The court noted that the plaintiff did not work on the plant process computer; made no decisions or recommendations as to whether a piece of equipment should be serviced or replaced; made no recommendations for the purchase of equipment, hardware or software; and was not involved in designing or configuring the software or hardware he installed. Because the evidence did not demonstrate that the plaintiff was employed as a computer systems analyst, computer programmer, software engineer or other similarly skilled worker in the software field, as required under the FLSA regulations, the computer professional exemption did not apply.
The court also found the administrative exemption inapplicable. The employer argued that because the plaintiff’s job did not involve line-production work, which, in this case would have meant that the employee "made electricity" by operating the nuclear reactors, he must have been engaged in administratively exempt work. In rejecting the employer’s argument, the Sixth Circuit noted that "the regulations do not set up an absolute dichotomy under which all work must either be classified as production or administrative."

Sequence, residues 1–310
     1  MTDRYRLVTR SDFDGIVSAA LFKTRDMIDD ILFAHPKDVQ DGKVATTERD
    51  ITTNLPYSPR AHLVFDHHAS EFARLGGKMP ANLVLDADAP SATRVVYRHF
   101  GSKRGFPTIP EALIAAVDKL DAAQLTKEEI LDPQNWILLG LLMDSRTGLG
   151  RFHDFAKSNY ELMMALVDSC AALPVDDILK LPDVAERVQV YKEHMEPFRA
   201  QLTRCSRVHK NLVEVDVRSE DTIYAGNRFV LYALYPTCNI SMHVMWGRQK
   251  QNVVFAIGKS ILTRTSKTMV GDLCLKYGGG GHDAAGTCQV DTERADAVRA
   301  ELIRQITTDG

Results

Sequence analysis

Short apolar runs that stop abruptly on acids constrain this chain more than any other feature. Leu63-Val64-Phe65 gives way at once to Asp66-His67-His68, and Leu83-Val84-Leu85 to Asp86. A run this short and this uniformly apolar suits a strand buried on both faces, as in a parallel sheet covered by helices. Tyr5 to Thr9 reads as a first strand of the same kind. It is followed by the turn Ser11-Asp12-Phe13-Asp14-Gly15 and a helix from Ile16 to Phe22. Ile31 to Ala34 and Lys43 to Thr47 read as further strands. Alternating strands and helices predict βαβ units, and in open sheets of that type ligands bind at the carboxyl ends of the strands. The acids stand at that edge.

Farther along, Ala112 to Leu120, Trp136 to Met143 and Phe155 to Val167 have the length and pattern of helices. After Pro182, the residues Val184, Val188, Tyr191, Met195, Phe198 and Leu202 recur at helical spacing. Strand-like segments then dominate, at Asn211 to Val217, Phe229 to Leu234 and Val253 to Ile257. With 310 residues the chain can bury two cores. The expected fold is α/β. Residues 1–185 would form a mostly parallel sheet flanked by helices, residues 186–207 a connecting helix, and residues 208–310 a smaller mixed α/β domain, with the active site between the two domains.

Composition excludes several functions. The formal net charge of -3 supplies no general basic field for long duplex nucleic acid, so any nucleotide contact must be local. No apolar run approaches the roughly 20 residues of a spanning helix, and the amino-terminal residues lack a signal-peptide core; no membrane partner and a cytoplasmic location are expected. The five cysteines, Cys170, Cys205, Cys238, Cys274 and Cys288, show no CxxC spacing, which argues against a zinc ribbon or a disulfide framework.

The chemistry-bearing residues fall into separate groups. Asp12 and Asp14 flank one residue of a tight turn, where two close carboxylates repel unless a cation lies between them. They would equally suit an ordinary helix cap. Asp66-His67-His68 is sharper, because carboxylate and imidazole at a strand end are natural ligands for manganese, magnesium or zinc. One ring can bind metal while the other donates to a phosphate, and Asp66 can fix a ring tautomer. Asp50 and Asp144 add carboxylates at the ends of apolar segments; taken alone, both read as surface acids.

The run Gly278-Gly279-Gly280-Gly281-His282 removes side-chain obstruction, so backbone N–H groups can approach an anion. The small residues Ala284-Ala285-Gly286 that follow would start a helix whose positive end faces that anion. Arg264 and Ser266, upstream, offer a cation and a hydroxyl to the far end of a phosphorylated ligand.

The court also rejected the employer’s argument that the plaintiff’s job dealt with matters of significance because of the value of the systems he worked on and the consequences of mistakes. Noting the example found in the regulations of a messenger handling a large sum of money, the court commented that clearly the messenger is nonexempt. The employer’s last argument—that because the plaintiff made more than the average blue-collar worker, his job was more important and, thus, exempt—was also rejected. The court noted that the fact that a "nonexempt, unionized, skilled plumber may earn more than an exempt public school teacher does not change the [nonexempt] nature of the plumber’s work."